From Found Magazine #1, a treasure trove of mysterious notes, inane travel journal entries, calls for roommates, children's drawings, and letters pieced together after having been torn to pieces. Discovered in public places, each item suggests a larger story that it's up to you to imagine. The Web site: www.foundmagazine.com includes found audio snippets. Subscriptions: $22.21 (3 issues) from 3455 Charing Cross Road, Ann Arbor, MI 48108-1911.

Lynda Barry, a pioneer of alternative comic strips, is the creator of Cruddy and The Good Times Are Killing Me. Her forthcoming book, The One Hundred Demons, will be published in September 2002.






Pay Now Save $5!

Utne Summer 2016Want to gain a fresh perspective? Read stories that matter? Feel optimistic about the future? It's all here! Utne Reader offers provocative writing from diverse perspectives, insightful analysis of art and media, down-to-earth news and in-depth coverage of eye-opening issues that affect your life.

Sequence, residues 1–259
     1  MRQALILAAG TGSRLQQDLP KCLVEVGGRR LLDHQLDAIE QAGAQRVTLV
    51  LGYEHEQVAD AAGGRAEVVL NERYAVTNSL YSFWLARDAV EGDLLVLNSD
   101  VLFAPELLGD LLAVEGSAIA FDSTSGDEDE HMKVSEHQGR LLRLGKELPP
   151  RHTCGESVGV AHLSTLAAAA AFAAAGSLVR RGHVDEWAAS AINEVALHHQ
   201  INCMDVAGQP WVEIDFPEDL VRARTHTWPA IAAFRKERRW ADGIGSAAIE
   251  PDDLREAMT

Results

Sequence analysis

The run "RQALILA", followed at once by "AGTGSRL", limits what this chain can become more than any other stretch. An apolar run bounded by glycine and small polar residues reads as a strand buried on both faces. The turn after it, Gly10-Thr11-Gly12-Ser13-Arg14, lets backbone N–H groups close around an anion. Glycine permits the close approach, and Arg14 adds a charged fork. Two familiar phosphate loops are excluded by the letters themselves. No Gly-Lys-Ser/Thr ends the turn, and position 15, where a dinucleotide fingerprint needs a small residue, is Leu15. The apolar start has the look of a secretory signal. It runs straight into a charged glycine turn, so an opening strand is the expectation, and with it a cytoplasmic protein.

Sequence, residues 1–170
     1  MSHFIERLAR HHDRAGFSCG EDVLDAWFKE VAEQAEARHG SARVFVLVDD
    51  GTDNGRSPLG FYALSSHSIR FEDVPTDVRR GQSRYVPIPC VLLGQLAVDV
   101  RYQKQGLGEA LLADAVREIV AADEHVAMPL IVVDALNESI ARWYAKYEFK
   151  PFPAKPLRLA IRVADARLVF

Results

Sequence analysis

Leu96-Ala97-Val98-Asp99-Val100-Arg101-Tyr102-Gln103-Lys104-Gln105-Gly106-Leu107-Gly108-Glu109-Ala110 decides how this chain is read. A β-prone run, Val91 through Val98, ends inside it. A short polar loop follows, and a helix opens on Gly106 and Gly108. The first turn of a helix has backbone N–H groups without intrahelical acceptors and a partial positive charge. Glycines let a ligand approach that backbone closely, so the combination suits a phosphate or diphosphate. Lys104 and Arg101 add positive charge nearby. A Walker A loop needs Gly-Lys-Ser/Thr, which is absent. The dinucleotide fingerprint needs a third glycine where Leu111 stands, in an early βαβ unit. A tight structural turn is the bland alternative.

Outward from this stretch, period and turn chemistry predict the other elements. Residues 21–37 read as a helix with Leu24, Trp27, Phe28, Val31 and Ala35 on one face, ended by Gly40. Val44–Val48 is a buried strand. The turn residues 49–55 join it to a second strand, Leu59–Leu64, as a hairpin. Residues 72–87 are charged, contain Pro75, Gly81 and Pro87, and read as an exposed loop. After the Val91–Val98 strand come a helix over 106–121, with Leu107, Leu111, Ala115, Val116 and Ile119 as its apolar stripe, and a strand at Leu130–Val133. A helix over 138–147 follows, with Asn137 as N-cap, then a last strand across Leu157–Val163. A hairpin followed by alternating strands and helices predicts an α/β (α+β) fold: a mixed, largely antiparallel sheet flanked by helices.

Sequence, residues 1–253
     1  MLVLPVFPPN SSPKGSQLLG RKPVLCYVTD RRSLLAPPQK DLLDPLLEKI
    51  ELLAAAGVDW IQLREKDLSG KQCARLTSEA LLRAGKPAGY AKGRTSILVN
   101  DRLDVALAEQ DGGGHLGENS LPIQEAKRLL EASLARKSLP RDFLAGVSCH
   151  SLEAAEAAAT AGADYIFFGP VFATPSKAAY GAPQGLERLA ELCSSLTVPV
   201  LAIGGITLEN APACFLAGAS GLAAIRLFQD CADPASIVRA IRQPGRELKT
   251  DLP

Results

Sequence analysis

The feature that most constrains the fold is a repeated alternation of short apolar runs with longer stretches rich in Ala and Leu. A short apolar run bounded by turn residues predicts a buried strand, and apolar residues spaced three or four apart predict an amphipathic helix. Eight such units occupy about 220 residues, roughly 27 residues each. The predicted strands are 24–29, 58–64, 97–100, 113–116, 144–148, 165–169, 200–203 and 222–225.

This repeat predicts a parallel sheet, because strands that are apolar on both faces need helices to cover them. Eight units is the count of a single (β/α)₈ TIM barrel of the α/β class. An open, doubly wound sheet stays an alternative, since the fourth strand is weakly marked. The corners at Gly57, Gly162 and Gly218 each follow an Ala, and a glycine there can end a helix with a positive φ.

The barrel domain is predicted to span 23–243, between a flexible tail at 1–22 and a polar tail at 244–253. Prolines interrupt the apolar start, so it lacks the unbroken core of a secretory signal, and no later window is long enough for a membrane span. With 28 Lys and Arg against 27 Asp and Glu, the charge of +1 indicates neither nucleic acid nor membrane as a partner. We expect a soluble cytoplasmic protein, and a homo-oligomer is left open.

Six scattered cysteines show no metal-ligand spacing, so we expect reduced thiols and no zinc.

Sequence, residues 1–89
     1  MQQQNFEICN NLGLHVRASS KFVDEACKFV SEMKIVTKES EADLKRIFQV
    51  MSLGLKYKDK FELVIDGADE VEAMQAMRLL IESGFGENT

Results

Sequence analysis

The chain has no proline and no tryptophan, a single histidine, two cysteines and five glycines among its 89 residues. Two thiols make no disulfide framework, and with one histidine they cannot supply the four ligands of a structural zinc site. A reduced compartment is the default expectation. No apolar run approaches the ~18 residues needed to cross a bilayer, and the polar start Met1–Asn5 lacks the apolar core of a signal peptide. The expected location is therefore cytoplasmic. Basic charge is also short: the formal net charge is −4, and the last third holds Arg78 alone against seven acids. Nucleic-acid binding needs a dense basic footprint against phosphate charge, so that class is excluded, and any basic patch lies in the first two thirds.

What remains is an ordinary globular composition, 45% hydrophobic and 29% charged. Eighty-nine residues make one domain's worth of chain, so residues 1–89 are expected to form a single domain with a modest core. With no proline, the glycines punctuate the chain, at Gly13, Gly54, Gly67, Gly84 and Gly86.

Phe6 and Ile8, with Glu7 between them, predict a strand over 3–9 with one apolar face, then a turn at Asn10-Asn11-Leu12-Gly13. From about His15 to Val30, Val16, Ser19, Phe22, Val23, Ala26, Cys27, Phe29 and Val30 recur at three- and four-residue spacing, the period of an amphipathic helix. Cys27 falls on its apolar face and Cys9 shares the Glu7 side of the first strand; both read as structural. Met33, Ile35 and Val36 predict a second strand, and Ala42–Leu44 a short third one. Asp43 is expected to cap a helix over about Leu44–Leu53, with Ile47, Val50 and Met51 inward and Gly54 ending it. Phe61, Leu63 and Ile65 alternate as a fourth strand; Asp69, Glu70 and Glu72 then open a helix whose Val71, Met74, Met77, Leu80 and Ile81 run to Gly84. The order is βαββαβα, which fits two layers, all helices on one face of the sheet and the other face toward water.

Save Even More Money By Paying NOW!

Pay now with a credit card and take advantage of our earth-friendly automatic renewal savings plan. You save an additional $5 and get 4 issues of Utne Reader for only $31.00 (USA only).

Or Bill Me Later and pay just $36 for 4 issues of Utne Reader!




Facebook Instagram Twitter flipboard


Copyright 2018, All Rights Reserved
Ogden Publications, Inc., 1503 SW 42nd St., Topeka, Kansas 66609-1265